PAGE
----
Not wanting to appear ungrateful, I smiled and tried to make do with the new phone. It was a disaster. My phone wouldn't let me receive any pictures. It claimed it could access Facebook, but it took ten steps, an incantation and dance, and some low-level voodoo to actually log on. And after all that effort, all I could do was type my status -- it wouldn't let me see anything (probably to keep me from going over my 2 megabyte limit). This didn't do me much good, as my slow texting apparently irritated my phone to the extent that it would habitually log me out of Facebook before I would have the chance to press the "submit" button.
I suffered through this humiliation for four months, and then I began to complain. My birthday was coming up, and I wanted a smartphone. My husband objected, "But I just bought you a new phone!" he said.
"How much did it cost?" I asked.
"Um.... ten dollars," was his response. I snorted disdainfully, then promptly began my campaign to procure a better phone.
I saw the commercial for Virgin Mobile's $25 per month unlimited data plan, and I saw my opportunity! I carefully crafted a sales pitch and then proceeded to bug him about it for a month straight, and lo and behold... for my birthday in May, I finally got my smartphone -- a real Android phone!!
I threw myself into learning how to use it. I was amazed that I could push a button and Facebook would automatically open! I could see my friends' pictures and status updates! I felt like a new woman!
(This brings me to the "dumbass" portion of my post.)
I can now proudly say that I have finally learned to text. I can pull up a little keyboard on my phone, and tap-tap-tap -- a message goes out in seconds! The problem is that my shiny new phone demands a lot more attention than my old one did. My old phone spent its days and nights snoozing quietly in the dark recesses of my purse, not bothering anyone. In contrast, my new smartphone lounges self-importantly on the kitchen counter, constantly asserting its superiority by chirping away merrily every other minute. And it's next to impossible not to check what's it's carrying on about!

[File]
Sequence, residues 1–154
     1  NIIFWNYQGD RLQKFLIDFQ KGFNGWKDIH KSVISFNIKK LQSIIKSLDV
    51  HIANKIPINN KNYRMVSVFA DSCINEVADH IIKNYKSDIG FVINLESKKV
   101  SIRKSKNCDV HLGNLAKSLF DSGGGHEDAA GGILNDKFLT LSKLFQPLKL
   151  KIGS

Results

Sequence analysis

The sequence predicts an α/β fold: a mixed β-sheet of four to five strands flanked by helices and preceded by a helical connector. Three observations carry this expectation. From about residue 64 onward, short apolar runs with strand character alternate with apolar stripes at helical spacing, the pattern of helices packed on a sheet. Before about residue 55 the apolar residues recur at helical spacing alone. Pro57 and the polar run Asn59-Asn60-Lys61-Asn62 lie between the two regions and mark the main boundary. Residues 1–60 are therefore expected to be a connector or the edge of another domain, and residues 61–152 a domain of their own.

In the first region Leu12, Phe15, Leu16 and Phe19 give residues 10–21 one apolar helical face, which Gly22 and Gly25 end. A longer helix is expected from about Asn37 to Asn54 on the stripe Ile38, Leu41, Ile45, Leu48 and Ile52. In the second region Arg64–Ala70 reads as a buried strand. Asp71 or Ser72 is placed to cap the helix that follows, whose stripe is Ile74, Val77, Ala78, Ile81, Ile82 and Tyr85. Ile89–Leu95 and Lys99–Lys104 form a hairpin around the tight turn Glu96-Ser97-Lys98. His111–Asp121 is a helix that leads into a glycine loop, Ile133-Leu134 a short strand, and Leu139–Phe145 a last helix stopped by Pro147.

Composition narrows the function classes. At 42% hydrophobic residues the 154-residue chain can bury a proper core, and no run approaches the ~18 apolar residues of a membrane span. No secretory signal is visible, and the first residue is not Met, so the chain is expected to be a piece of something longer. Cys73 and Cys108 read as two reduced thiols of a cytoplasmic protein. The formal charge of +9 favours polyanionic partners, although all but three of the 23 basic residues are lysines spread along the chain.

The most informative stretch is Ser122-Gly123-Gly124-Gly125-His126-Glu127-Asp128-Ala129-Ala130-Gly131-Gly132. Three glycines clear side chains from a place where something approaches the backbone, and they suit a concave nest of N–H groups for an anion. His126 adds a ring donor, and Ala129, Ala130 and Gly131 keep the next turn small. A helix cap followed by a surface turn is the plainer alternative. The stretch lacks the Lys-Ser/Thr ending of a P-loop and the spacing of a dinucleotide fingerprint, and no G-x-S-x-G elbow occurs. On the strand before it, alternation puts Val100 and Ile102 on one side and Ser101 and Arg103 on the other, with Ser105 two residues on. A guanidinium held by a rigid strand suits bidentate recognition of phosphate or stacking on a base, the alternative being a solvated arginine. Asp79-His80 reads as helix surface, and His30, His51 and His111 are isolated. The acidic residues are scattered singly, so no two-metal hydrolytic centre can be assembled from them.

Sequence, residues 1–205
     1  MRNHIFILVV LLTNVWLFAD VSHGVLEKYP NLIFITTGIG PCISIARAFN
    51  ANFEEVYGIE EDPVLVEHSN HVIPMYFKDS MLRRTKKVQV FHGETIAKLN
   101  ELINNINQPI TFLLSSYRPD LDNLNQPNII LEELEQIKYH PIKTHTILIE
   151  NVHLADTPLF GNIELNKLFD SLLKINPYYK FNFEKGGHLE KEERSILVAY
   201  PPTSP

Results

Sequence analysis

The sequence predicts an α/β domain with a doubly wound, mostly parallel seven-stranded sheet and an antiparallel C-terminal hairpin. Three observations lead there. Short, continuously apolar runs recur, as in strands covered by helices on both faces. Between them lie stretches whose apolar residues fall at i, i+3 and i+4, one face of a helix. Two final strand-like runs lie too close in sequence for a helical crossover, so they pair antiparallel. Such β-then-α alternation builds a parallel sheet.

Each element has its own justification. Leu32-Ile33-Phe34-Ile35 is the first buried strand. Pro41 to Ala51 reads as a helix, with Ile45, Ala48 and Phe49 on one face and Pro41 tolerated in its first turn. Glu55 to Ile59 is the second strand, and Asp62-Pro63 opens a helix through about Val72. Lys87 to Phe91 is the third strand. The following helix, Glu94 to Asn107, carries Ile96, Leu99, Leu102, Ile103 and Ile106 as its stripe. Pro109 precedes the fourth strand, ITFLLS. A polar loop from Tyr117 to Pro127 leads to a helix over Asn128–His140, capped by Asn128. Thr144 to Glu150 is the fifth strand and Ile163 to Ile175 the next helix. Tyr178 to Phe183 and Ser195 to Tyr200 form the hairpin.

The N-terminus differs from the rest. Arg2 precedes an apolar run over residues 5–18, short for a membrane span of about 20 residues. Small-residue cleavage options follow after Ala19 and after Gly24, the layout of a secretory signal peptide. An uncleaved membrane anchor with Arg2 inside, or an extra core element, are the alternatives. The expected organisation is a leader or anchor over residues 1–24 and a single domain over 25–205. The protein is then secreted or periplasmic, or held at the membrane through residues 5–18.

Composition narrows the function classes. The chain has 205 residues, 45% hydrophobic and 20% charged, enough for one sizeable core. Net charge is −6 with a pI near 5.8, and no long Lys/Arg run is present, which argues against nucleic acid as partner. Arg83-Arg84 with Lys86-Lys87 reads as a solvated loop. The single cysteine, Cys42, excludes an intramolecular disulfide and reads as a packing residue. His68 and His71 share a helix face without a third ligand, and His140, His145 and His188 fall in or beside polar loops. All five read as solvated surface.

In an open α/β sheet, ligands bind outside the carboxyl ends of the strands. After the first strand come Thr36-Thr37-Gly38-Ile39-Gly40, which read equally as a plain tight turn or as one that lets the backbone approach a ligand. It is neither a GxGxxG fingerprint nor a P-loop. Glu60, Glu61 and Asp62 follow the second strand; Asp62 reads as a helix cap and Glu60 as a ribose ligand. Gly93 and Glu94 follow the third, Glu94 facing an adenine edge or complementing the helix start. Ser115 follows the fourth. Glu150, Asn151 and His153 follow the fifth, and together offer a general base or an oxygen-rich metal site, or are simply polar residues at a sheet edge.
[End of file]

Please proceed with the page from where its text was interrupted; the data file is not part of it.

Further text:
Last night my husband was kindly putting my son to bed, and I was downstairs feeding my 17-month-old daughter a bedtime snack. My phone began to chirp. I picked it up to find that a friend of mine had texted me a question, so I set to work on answering. Unfortunately, I was so wrapped up in typing the message that I didn't notice my daughter, who had chosen that exact moment to climb onto the end table and reach inside the lampshade to explore.
I heard a bloodcurdling screech, dropped the phone, and saw my poor daughter holding her wounded hand and screaming in agony. She had grabbed the light bulb and burned her little paw. I then had to explain to my husband that our daughter had hurt herself because I was texting. Oh, how the righteous had fallen.
We set to work trying to comfort her, and after two hours and a lot of crying, she finally went to sleep. There was no major damage done to her hand -- it was mostly just red, but I still berated myself for the rest of the evening, vowing never again to look away from her to send a text.
In light of this unfortunate event, I am formally lobbying for the following warning message to be displayed on all smartphones upon startup... or at least on mine!